About four years ago, on October 9, 2016, one month prior to the U.S. Presidential election, I published a heart-felt and in some ways painful essay at this blog in which after 30 years of political privacy in my professional life — including, importantly, my teaching — I found it necessary to come out of the closet of political neutrality to condemn in no uncertain terms the threat which I believed one of the candidates, Donald Trump, posed to the United States and the world if he were elected President.

Sadly, four years later, all of my concerns have been validated, plus one threat that I had not thought about, namely that the Trump administration would damage American democracy in ways big and small, and that as the November 2020 election approached, President Trump himself would pose the greatest threat imaginable to the sanctity of the electoral process and thereby to the credibility and even the existence of our democratic form of government.

Of course, within the realm of environmental policy, the damages done to U.S. policy over the past four years are legendary, but not really a surprise. Indeed, see my essay at this blog from one week after the 2016 election (“What Does the Trump Victory Mean for Climate Change Policy?”, November 10, 2016), as well as dozens of essays I’ve posted since then.

So, rather than review the dismal record of the Trump administration over the past four years, I thought it might be more interesting for you — as it has been for me — to offer my essay of warning from four years ago.

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This is Not a Time for Political Neutrality

October 9, 2016

I have been writing essays at this blog for over seven years, and throughout that time, through perhaps 100 more-or-less-monthly essays, I have tried very hard to keep politics at bay, and to view each and every issue I discussed from a politically neutral, yet analytical economic perspective.  But I find it difficult to remain neutral in the current U.S. Presidential election cycle.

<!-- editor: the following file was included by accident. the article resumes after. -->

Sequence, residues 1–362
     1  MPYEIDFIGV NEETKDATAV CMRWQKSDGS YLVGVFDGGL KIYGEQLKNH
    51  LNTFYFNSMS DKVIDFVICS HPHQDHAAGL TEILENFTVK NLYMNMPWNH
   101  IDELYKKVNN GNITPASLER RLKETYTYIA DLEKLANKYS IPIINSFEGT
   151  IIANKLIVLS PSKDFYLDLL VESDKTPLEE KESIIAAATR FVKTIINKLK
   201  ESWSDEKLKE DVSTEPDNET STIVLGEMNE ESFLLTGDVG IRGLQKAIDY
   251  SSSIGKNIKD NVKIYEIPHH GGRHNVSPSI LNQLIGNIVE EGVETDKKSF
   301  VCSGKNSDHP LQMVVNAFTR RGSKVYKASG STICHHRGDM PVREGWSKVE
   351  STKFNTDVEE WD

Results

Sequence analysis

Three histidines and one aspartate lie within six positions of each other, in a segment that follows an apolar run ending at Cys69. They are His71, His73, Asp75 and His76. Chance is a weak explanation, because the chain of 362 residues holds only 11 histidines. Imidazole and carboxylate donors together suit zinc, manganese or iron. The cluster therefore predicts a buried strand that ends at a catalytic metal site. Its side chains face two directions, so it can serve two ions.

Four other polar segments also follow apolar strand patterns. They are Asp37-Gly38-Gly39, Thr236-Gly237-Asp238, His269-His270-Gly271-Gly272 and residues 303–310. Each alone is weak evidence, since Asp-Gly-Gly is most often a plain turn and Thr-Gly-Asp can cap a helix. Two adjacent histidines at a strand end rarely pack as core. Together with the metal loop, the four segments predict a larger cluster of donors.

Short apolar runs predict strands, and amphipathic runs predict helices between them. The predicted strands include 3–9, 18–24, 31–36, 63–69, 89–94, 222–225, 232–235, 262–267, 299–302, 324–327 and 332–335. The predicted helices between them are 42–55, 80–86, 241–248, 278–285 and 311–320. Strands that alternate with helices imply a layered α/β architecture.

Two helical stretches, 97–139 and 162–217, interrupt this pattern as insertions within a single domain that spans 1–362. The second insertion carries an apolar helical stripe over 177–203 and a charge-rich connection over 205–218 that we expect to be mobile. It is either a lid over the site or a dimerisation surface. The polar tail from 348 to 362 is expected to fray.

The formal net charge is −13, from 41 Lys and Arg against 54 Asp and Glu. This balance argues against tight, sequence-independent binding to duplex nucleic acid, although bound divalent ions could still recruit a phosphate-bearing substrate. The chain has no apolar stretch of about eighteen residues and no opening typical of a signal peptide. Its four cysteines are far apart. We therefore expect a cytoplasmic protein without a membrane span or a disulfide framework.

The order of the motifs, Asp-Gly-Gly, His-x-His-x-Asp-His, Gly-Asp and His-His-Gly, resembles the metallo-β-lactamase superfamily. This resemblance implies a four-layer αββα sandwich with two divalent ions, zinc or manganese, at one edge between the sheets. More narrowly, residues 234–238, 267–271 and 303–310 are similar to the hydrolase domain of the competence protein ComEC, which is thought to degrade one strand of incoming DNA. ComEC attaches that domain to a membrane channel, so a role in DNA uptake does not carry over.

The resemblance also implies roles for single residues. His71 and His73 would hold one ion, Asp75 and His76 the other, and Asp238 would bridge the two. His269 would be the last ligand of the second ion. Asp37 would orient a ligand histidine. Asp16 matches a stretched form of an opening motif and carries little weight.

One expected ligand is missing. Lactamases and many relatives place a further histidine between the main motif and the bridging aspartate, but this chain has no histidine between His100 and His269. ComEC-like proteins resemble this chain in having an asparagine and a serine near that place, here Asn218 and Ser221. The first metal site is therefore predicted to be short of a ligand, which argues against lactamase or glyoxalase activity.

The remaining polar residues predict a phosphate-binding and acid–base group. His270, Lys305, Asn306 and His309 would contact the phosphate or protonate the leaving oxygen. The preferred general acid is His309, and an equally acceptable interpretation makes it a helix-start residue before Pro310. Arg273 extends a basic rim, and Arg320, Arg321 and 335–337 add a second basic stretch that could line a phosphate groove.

Since before the summer, I had resolved to write today’s essay, but I decided to wait until one month before the November U.S. election to post it, simply because I thought this was the point in time when people would be paying most attention to the upcoming election but would not yet have completely made up their minds.  In particular, I want to address this message to people who – like me – are political independents.

Background

I have been teaching at Harvard for close to 30 years, and every year I take pride in the fact that at the conclusion of my 13-week course in environmental economics and policy, my students cannot say – on the basis of what I have said in lectures or what they have read in the assigned readings – whether I am a tree-hugging environmental advocate from the political left, or an industry apologist from the political right (actually, I am neither, although hostile voices in the blogosphere have sometimes wanted to peg me as being on the opposite of whatever extreme they occupy).